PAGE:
Dr. Eleonora Teplinsky, from Valley Health - The Icahn School of Medicine, Mount Sinai, presents during the 2022 Evolution Conference in Boston, MA.
At this year’s ‘Evolution’ breast cancer educational conference, Dr Eleonora Teplinsky, MD
discussed considerations for managing older (post-menopausal) patients with breast cancer, specifically bone health, which can be adversely impacted by the long-term use of aromatase inhibitors (AI). She noted that the AIs are known to cause an increase in markers of bone turnover such as urine N-telopeptide (NTX) and serum C-telopeptide (CTX) whereas such changes are not seen with drugs like tamoxifen in the postmenopausal population. As such, in postmenopausal patients, AI use is known to be associated with an increased risk for complications such as bone loss and fractures.
She noted that the major clinical trials of the AIs, including the ATAC study (Arimidex, Tamoxifen, Alone or in Combination) and the IES (Intergroup Exemestane Study) reported a loss of bone mineral density (BMD) for patients in the AI group, relative to those on tamoxifen. She also cited evidence for increased fracture risk with AI use (in one study, a 47% relative risk, and a 2.2% absolute fracture risk), for patients on AIs, as compared with tamoxifen. Some studies have also suggested that discontinuing AIs can reduce fracture risk.
Dr Teplinsky summarized the major clinical risk factors for bone fracture, which include advanced age, a prior fracture, smoking, excessive alcohol consumption, low body weight, and history of secondary osteoporosis. She also noted the availability of clinical assessment tools such as the FRAX which can help identify patients at higher risk of fracture while on AI therapy. Some of the non-pharmacologic methods for osteoporosis management include reducing/stopping smoking and reducing alcohol consumption. Adequate Vitamin D and calcium intake can also help to reduce bone loss and promote a positive calcium balance. Dr Teplinsky emphasized the current recommendations for 1200 mg elemental calcium and 800 or more IU of Vitamin D daily for her patients on AI therapy. Also critical in non-pharmacologic management is exercise, including balance, endurance, and strength training.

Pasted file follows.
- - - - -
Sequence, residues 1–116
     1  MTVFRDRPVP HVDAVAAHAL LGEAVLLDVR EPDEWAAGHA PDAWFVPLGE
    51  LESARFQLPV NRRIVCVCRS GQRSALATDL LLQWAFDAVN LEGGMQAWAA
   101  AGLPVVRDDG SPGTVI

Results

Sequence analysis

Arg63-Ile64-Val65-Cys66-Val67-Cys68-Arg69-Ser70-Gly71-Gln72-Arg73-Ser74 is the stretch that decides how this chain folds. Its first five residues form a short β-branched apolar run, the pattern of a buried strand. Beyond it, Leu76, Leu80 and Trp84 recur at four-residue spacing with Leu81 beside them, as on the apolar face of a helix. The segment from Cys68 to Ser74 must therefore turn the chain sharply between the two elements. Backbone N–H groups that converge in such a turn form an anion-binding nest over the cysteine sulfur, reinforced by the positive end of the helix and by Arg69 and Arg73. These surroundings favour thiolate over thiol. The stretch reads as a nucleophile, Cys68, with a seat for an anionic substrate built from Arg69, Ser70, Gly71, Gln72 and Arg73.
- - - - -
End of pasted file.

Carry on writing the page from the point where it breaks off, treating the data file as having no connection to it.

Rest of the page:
Pharmacologic management to treat and prevent bone loss with AIs is driven by the T-score from bone mineral density assessments. For example, for patients with a T-score of > -2.0, lifestyle changes and calcium/Vitamin D supplementation are indicated, whereas if T-score is < -2.0, additional anti-resorptive bone therapies such as denosumab or bisphosphonates should be added to the regimen. Dr Teplinsky noted the generally mild and manageable tolerability of the available anti-resorptive agents, and her preference for the intravenous (IV) therapies (e.g., denosumab, zoledronic acid) over oral therapies (e.g., clodronate, ibandronate) to ensure good patient compliance. There may, however, be some concerns with cost and coverage of these treatments for some patients.
Dr Teplinsky also briefly reviewed some of the data concerning the reduction in breast cancer recurrence that has been observed for patients taking bisphosphonate therapy (oral clodronate or ibandronate, or IV zoledronic acid) relative to those on placebo. One study of nearly 12,000 women showed significant reductions in recurrence, bone recurrence, and breast cancer mortality for patients on bisphosphonate therapy relative to those on placebo. Results have been less consistent for denosumab, although a recent update from the ABCSG18 study presented at ASCO 2022 showed a significant benefit in reducing recurrence and a trend toward better overall survival with denosumab relative to placebo. Bone is the most common site of metastasis for breast cancer, and Dr Teplinsky summarized some of the major complications of bone metastases, including pain, reduced performance status, skeletal-related events (SREs) and impaired quality of life (QoL). She emphasized that breast cancer patients with bone metastases should be treated with bone-modifying agents to prevent SREs, and there is also evidence for a modest pain control benefit with the therapy.
In summary, Dr Teplinsky highlighted the risk for bone loss and increased fracture risk for patients with breast cancer receiving AI therapy. Pharmacologic management should be used in these patients to reduce fracture risk, and may have the added benefit of reducing breast cancer recurrence; research to better identify which patients will benefit the most from this therapy is ongoing.
See more from the 2022 Evolution Conference here.
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